This post addresses the question: How long does it take for a food-related trait to evolve?
We need a bit a Genetics 101 first, discussed below. For more details see, e.g., Hartl & Clark, 2007; and one of my favorites: Maynard Smith, 1998. Full references are provided at the end of this post.
New gene-induced traits, including traits that affect nutrition, appear in populations through a deceptively simple process. A new genetic mutation appears in the population, usually in one single individual, and one of two things happens: (a) the genetic mutation disappears from the population; or (b) the genetic mutation spreads in the population. Evolution is a term that is generally used to refer to a gene-induced trait spreading in a population.
Traits can evolve via two main processes. One is genetic drift, where neutral traits evolve by chance. This process dominates in very small populations (e.g., 50 individuals). The other is selection, where fitness-enhancing traits evolve by increasing the reproductive success of the individuals that possess them. Fitness, in this context, is measured as the number of surviving offspring (or grand-offspring) of an individual.
Yes, traits can evolve by chance, and often do so in small populations.
Say a group of 20 human ancestors became isolated for some reason; e.g., traveled to an island and got stranded there. Let us assume that the group had the common sense of including at least a few women in it; ideally more than men, because women are really the reproductive bottleneck of any population.
In a new generation one individual develops a sweet tooth, which is a neutral mutation because the island has no supermarket. Or, what would be more likely, one of the 20 individuals already had that mutation prior to reaching the island. (Genetic variability is usually high among any group of unrelated individuals, so divergent neutral mutations are usually present.)
By chance alone, that new trait may spread to the whole (larger now) population in 80 generations, or around 1,600 years; assuming a new generation emerging every 20 years. That whole population then grows even further, and gets somewhat mixed up with other groups in a larger population (they find a way out of the island). The descendants of the original island population all have a sweet tooth. That leads to increased diabetes among them, compared with other groups. They find out that the problem is genetic, and wonder how evolution could have made them like that.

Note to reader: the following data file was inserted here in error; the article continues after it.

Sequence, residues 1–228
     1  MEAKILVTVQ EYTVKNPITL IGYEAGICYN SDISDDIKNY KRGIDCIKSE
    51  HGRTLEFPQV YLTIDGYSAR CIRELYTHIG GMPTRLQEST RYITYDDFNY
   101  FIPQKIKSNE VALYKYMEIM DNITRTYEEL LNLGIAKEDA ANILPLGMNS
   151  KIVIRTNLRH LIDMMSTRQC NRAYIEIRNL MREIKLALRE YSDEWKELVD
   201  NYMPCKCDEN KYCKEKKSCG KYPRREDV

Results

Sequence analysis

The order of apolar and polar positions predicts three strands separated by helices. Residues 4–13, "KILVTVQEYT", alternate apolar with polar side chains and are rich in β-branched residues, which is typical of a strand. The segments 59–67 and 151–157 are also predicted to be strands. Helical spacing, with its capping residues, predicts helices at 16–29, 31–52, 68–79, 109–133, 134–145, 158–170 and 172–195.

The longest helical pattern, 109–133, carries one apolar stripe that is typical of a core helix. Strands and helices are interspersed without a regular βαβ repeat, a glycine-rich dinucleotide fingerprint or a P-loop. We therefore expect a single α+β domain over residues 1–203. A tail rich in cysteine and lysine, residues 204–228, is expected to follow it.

The panel below shows the formulas for the calculation of the amount of time it takes for a trait to evolve to fixation in a population. It is taken from a set of slides I used in a presentation (PowerPoint file here). To evolve to fixation means to spread to all individuals in the population. The results of some simulations are also shown. For example, a trait that provides a minute selective advantage of 1% in a population of 10,000 individuals will possibly evolve to fixation in 1,981 generations, or 39,614 years. Not the millions of years often mentioned in discussions about evolution.
I say “possibly” above because traits can also disappear from a population by chance, and often do so at the early stages of evolution, even if they increase the reproductive success of the individuals that possess them. For example, a new beneficial metabolic mutation appears, but its host fatally falls off a cliff by accident, contracts an unrelated disease and dies etc., before leaving any descendant.
How come the fossil record suggests that evolution usually takes millions of years? The reason is that it usually takes a long time for new fitness-enhancing traits to appear in a population. Most genetic mutations are either neutral or detrimental, in terms of reproductive success. It also takes time for the right circumstances to come into place for genetic drift to happen – e.g., massive extinctions, leaving a few surviving members. Once the right elements are in place, evolution can happen fast.
So, what is the implication for traits that affect nutrition? Or, more specifically, can a population that starts consuming a particular type of food evolve to become adapted to it in a short period of time?
The answer is yes. And that adaptation can take a very short amount of time to happen, relatively speaking.
Let us assume that all members of an isolated population start on a particular diet, which is not the optimal diet for them. The exception is one single lucky individual that has a special genetic mutation, and for whom the diet is either optimal or quasi-optimal. Let us also assume that the mutation leads the individual and his or her descendants to have, on average, twice as many surviving children as other unrelated individuals. That translates into a selective advantage (s) of 100%. Finally, let us conservatively assume that the population is relatively large, with 10,000 individuals.
In this case, the mutation will spread to the entire population in approximately 396 years.
Descendants of individuals in that population (e.g., descendants of the Yanomamö) may posses the trait, even after some fair mixing with descendants of other populations, because a trait that goes into fixation has a good chance of being associated with dominant alleles. (Alleles are the different variants of the same gene.)
This Excel spreadsheet (link to a .xls file) is for those who want to play a bit with numbers, using the formulas above, and perhaps speculate about what they could have inherited from their not so distant ancestors. Download the file, and open it with Excel or a compatible spreadsheet system. The formulas are already there; change only the cells highlighted in yellow.
Hartl, D.L., & Clark, A.G. (2007). Principles of population genetics.
Maynard Smith, J. (1998). Evolutionary genetics.